Objective analysis of ambisonics for hearing aid applications: effect of listener's head, room reverberation, and directional microphones

Chris Oreinos, Jörg M. Buchholz

    Research output: Contribution to journalArticlepeer-review

    25 Citations (Scopus)
    27 Downloads (Pure)

    Abstract

    Recently, an increased interest has been demonstrated in evaluating hearing aids (HAs) inside controlled, but at the same time, realistic sound environments. A promising candidate that employs loudspeakers for realizing such sound environments is the listener-centered method of higher-order ambisonics (HOA). Although the accuracy of HOA has been widely studied, it remains unclear to what extent the results can be generalized when (1) a listener wearing HAs that may feature multi-microphone directional algorithms is considered inside the reconstructed sound field and (2) reverberant scenes are recorded and reconstructed. For the purpose of objectively validating HOA for listening tests involving HAs, a framework was developed to simulate the entire path of sounds presented in a modeled room, recorded by a HOA microphone array, decoded to a loudspeaker array, and finally received at the ears and HA microphones of a dummy listener fitted with HAs. Reproduction errors at the ear signals and at the output of a cardioid HA microphone were analyzed for different anechoic and reverberant scenes. It was found that the diffuse reverberation reduces the considered time-averaged HOA reconstruction errors which, depending on the considered application, suggests that reverberation can increase the usable frequency range of a HOA system.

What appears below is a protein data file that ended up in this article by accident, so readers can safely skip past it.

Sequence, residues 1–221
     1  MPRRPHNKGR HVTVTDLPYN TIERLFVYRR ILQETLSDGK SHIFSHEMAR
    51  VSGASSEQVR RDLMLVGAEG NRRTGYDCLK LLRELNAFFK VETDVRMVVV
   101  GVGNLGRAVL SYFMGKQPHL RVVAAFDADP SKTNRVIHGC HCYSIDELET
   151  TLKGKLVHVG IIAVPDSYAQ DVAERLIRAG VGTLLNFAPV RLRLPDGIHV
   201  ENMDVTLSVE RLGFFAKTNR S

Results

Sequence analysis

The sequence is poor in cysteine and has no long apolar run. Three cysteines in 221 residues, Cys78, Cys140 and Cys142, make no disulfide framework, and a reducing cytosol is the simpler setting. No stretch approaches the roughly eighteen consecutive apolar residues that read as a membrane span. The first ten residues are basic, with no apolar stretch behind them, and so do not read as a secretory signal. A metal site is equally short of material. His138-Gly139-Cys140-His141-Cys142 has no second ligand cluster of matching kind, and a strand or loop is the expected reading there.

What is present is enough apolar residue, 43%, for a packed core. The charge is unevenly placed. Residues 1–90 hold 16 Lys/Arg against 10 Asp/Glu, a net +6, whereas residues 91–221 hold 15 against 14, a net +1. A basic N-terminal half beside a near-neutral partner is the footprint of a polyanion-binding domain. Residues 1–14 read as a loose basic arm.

Original languageEnglish
    Pages (from-to)3447-3465
    Number of pages19
    JournalJournal of the Acoustical Society of America
    Volume137
    Issue number6
    DOIs
    Publication statusPublished - 1 Jun 2015

    Bibliographical note

    Copyright 2015 Acoustical Society of America. This article may be downloaded for personal use only. Any other use requires prior permission of the author and the Acoustical Society of America. The following article appeared in Journal of the Acoustical Society of America, Vol. 137, Issue 6, pp. 3447-3465, and may be found at http://doi.org/10.1121/1.4919330

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